Crowell Upbeat After Injury, Commitment

Ohio State's 2011 recruiting class broke a dry spell of four-plus months without a commitment Nov. 5 when three-star linebacker prospect Conner Crowell pledged to the program. One week later, his prep career was over after suffering a grisly injury. caught up with the future Buckeye.

It is safe to say that Conner Crowell has experienced a week he will never forget.

On senior night at his high school of Waldorf (Md.) North Point on Nov. 5, the linebacker announced his verbal commitment to Ohio State and then went out and led his team to victory. Exactly one week later, Crowell suffered a broken ankle on what The Washington Post termed a grisly injury in a first-round playoff loss.

One day removed from his Nov. 13 surgery, Crowell told that he will recover from the injury and come back stronger than ever. First, though, comes a recovery period that will last several months.

Crowell said he will be on crutches and unable to put pressure on the left ankle for 10 weeks. Four months from now, he will undergo a second surgical procedure to remove the screws in his ankle.

For now, though, his spirits are high thanks to those around him.

"The whole school and everybody else is behind me," he said. "They've been supporting me. I got a lot of Facebook messages and people are texting me and calling me just to see how I'm doing. A lot of people are coming to see me, so everybody has been really supportive about it. I feel great about the family and friends that I have."

The injury occurred when the three-star linebacker was carrying the football on offense.

"This guy didn't want to hit me up top so I was running the ball and he dove at my legs," he said. "He hit my ankle and my foot just twisted all the way around. It was pulling the way it wasn't supposed to."

As he lay on the field immediately after suffering the injury, Crowell said he was hit by a wave of emotions.

"It was terrible when I was just laying there on the field screaming," he said. "A lot of it was from the pain, but a lot of it was my realization this was my last high school football game of my career. To be out in the first quarter and to get hurt, it just hurt my feelings more than anything that I couldn't be on the field with my teammates and help them win."

It had been a different story one week earlier, however. Having narrowed his choice to either the Buckeyes or hometown favorite Penn State, Crowell chose OSU because of something linebackers coach Luke Fickell told him.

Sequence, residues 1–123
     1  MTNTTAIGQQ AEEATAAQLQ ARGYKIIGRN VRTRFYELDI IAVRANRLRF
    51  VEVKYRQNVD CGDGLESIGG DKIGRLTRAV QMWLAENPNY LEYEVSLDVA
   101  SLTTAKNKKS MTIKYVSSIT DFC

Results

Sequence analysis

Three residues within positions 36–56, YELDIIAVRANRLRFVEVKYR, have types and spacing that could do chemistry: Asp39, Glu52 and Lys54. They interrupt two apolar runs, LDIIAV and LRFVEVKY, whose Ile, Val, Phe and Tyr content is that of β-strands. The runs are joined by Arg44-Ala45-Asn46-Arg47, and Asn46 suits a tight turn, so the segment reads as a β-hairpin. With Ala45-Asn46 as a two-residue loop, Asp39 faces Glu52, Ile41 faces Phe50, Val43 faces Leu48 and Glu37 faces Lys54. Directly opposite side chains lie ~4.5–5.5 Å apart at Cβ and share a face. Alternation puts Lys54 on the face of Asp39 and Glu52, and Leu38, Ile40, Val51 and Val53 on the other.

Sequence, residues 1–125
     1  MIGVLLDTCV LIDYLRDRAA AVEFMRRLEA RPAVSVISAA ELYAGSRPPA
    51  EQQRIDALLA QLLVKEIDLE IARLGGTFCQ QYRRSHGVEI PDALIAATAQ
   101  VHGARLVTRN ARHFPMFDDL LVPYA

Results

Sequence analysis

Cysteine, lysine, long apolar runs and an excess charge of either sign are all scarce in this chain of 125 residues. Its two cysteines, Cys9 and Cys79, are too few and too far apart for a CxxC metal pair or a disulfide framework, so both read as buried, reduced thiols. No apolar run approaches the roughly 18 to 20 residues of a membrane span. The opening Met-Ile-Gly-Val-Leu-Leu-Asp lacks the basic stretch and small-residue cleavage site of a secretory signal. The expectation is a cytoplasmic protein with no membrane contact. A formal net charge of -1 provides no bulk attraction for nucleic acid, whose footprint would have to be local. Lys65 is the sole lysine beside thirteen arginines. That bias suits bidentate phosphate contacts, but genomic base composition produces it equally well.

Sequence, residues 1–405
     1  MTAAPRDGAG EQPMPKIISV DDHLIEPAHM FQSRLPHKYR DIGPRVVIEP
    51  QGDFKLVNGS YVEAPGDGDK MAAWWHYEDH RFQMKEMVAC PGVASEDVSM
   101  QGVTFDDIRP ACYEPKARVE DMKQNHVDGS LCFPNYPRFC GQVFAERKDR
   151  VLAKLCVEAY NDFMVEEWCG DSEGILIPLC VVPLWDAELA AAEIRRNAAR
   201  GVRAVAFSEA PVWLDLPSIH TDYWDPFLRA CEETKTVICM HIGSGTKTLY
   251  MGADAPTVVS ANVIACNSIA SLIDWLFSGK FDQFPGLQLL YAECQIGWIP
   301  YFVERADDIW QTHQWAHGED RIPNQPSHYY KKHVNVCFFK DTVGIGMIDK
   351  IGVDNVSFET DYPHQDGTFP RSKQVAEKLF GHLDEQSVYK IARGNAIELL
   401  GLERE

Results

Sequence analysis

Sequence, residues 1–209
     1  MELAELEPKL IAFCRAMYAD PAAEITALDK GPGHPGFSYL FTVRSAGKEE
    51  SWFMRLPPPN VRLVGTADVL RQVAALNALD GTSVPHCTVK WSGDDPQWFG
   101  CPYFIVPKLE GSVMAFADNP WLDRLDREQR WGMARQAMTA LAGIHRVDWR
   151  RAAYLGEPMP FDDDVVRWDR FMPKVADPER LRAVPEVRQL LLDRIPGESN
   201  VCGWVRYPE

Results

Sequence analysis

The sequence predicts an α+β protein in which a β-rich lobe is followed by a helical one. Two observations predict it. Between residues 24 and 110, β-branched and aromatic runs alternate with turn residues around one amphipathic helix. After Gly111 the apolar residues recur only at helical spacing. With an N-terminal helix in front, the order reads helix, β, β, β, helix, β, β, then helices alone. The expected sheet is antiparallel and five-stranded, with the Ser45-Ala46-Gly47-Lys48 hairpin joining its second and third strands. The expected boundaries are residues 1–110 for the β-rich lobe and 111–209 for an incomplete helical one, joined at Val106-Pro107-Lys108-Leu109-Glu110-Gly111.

"I just wanted to be one of the first from Maryland to go to Ohio State," he told BBS. "I was just trying to start a new pipeline for Ohio State. Coach Fickell said that they needed somebody to be the first and to help them start recruiting this area more so that they can start getting better players. This is a Penn State-dominated area."

With that, the Buckeyes had their first verbal commitment in more than four months. Crowell is rated the No. 23 prospect at his position by Crowell added that a member of his team's coaching staff is acquainted with Fickell and had been pushing the linebacker to the OSU staff.

Crowell's announcement came before his team kicked off senior night Nov. 5. As the Eagles honored seniors from each fall sport team, Crowell went last. Cradling the microphone, he announced his decision to a packed house.

"I thanked all my friends and family and teammates and coaches and then I told them I'd be going to Ohio State," he said. "Pretty much everybody just went nuts. The whole stadium went crazy. It was a good experience. It sounded like everybody was excited."

The 2010 PSU roster boasts 11 players who hail from Maryland including one – redshirt freshman fullback Andre Dupree – who is a North Point alumnus. OSU last landed a commitment from Maryland in 2009, when four-star cornerback Dominic Clarke from Frederick Tuscarora joined.

He is the first linebacker to join the class. Crowell actually made his decision Oct. 31 but wanted to wait for senior night to make the announcement.

"Everybody knew I was announcing Friday so they would keep asking me to try and get an answer out of me," he said. "I just kept messing with everybody's minds so it wasn't too hard (to wait). I thought it was pretty fun. I guess I surprised everybody."

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